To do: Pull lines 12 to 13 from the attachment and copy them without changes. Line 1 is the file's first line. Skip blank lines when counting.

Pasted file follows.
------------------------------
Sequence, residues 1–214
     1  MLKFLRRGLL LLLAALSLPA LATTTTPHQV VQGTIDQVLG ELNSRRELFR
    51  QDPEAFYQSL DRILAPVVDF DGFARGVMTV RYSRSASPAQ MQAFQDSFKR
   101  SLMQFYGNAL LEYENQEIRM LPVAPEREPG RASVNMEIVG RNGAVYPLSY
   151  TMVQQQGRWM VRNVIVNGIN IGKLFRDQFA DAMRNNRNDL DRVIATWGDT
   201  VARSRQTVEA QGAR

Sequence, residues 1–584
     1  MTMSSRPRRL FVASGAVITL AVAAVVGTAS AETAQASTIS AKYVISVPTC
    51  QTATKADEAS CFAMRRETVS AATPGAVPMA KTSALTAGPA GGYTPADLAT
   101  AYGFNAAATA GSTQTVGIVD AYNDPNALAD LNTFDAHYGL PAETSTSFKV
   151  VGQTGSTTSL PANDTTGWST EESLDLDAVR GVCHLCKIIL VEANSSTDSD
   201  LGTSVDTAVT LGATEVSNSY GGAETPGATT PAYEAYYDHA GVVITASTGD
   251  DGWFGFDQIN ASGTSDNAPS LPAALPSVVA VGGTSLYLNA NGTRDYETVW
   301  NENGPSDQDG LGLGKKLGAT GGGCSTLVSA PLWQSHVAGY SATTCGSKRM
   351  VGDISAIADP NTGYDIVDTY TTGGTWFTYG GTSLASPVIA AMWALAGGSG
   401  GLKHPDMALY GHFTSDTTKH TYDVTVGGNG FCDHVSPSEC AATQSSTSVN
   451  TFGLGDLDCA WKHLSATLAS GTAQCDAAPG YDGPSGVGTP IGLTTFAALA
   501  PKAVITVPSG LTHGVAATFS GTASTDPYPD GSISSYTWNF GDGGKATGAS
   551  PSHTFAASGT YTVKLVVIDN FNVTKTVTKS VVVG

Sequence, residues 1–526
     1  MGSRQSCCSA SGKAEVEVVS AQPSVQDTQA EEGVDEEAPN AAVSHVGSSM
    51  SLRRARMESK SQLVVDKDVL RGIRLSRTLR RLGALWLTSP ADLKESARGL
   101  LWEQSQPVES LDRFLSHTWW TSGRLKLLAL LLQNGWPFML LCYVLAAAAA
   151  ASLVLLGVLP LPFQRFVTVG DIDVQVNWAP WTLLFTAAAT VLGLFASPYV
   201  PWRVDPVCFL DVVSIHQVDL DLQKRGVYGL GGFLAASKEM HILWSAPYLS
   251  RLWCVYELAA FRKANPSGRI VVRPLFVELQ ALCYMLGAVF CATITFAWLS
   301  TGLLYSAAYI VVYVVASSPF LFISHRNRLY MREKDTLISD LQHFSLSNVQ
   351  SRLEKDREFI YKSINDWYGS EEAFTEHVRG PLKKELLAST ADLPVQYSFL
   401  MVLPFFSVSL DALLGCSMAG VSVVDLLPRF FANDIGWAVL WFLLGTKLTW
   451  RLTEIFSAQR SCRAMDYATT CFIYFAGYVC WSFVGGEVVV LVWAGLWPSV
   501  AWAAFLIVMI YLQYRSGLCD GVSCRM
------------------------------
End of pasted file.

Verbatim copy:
   201  LGTSVDTAVT LGATEVSNSY GGAETPGATT PAYEAYYDHA GVVITASTGD
   251  DGWFGFDQIN ASGTSDNAPS LPAALPSVVA VGGTSLYLNA NGTRDYETVW